3) The fact that they put "right" in quotes when next to "fetal 'right'" indicates the authors already have a bias, which is that they do not buy into the idea of unborn children having "rights" at all. Hence, anything they are writing about the topic is going to be tainted with their objective. It is clear to me they are either supporters of abortion or accepting of the practice. How can they maintain an objective view of the issue with that slant?
    4) In terms of forsaking women high-paying jobs b/c of lead exposure. I do think women should have had the right to sign a waiver stating they were accepting the risk of lead exposure. But lead is a very, very bad thing for children. Don't you think it is a good thing to fully inform women of those risks??
    5) The issue of forced cesareans has more to do with doctor convenience and desire to maintain a position of power in doctor-patient relationship than it is about fetal rights. The baby's rights are simply a mask that is used to disguise the issue of wanting to be in control of a patient's healthcare.
    6) In terms of costing women their liberty in cases of drug use and imprisonment, what would you think of a case where a mother was intentionally giving alcohol to her 3 month old baby in its bottle? Or a mother who infused her child's veins with heroin? Why would these scenarios be worse simply b/c the child is now on the outside of her body? Having grown up w/ an alcoholic and drug-addicted mother, I am very aware of the disease of addiction. However, that does not make my mother's actions or choices right nor excusable.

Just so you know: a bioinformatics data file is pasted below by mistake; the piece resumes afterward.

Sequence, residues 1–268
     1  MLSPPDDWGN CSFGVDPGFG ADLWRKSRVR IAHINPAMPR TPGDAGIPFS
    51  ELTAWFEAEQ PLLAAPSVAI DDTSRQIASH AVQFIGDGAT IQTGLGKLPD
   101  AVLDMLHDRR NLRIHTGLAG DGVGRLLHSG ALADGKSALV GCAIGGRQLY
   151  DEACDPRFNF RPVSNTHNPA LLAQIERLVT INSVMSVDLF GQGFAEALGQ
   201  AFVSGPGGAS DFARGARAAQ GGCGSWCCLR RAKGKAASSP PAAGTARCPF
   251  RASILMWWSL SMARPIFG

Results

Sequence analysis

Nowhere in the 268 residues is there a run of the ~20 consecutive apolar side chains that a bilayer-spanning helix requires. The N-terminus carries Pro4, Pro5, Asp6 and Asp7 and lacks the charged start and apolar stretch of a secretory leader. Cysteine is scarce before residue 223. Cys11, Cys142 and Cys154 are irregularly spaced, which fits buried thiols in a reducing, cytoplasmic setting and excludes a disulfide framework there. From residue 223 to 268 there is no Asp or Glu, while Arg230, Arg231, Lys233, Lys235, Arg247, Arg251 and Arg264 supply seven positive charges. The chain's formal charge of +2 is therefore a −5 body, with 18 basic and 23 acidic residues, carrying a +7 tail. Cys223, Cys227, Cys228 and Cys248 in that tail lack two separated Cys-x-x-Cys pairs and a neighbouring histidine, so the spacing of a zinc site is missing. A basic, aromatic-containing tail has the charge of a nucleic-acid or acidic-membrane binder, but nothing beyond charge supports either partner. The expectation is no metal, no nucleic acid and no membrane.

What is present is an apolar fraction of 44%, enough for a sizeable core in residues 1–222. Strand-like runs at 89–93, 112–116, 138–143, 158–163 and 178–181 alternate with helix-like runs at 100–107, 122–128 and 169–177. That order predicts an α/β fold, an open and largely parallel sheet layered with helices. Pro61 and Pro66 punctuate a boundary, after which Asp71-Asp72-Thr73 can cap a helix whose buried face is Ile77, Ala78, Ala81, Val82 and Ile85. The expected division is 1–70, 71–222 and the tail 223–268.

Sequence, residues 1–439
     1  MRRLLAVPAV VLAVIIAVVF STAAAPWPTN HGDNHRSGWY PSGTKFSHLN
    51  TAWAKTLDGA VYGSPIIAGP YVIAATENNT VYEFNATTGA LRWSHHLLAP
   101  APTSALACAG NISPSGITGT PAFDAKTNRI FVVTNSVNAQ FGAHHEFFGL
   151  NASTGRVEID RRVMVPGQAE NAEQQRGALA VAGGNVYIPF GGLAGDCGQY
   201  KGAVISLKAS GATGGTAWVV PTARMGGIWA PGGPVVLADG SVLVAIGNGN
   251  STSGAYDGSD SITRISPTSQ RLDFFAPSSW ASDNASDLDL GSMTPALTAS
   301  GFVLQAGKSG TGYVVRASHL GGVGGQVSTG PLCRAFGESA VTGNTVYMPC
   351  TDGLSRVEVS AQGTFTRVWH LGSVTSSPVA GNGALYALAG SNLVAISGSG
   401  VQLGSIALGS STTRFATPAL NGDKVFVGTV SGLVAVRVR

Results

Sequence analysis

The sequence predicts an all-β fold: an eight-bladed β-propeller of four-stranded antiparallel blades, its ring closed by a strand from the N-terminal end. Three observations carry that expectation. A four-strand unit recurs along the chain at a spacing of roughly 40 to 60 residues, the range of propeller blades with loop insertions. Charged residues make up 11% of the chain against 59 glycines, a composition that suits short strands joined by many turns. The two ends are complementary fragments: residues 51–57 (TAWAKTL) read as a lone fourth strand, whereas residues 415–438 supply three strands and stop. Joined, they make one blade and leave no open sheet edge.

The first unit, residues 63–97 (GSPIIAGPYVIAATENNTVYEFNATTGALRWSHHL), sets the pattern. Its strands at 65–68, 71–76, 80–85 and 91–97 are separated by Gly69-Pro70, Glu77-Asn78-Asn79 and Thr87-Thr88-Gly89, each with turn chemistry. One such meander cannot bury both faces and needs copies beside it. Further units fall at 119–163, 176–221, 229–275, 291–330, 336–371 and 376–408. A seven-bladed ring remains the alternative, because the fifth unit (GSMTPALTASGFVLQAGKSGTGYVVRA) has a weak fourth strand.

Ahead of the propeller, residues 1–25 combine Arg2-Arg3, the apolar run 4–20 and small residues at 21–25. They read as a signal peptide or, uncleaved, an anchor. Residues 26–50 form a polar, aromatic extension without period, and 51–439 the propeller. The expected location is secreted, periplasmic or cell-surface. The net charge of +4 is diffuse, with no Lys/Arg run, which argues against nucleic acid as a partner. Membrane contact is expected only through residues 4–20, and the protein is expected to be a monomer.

7) The article talks about how when you elevate fetal rights, you automatically lower the woman's. Then the opposite also holds true. If we are going to elevate the rights of pregnant women and say they can do anything they want while pregnant, we are in effect, negating any rights of their unborn baby. This then has the potential to carry over to mothers in general, who have a child of any age. Again, I would point to the example above. Does that mean that mothers have the right to give their children marijauna when they are having a hyper day and mom is stressed out? Do I get to tranquilize my 3 year old when he is having a day full of melt downs simply b/c I am frazzled and need to unwind???